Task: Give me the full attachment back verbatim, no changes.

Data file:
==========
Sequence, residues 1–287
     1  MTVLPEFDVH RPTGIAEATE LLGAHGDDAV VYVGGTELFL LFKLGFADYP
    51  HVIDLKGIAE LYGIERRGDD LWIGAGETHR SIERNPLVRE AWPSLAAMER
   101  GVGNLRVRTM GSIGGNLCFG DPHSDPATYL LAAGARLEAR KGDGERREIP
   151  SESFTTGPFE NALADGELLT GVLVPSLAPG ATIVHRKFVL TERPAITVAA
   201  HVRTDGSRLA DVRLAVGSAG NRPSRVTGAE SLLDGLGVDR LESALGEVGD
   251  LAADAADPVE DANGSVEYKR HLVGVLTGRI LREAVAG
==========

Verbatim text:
Sequence, residues 1–287
     1  MTVLPEFDVH RPTGIAEATE LLGAHGDDAV VYVGGTELFL LFKLGFADYP
    51  HVIDLKGIAE LYGIERRGDD LWIGAGETHR SIERNPLVRE AWPSLAAMER
   101  GVGNLRVRTM GSIGGNLCFG DPHSDPATYL LAAGARLEAR KGDGERREIP
   151  SESFTTGPFE NALADGELLT GVLVPSLAPG ATIVHRKFVL TERPAITVAA
   201  HVRTDGSRLA DVRLAVGSAG NRPSRVTGAE SLLDGLGVDR LESALGEVGD
   251  LAADAADPVE DANGSVEYKR HLVGVLTGRI LREAVAG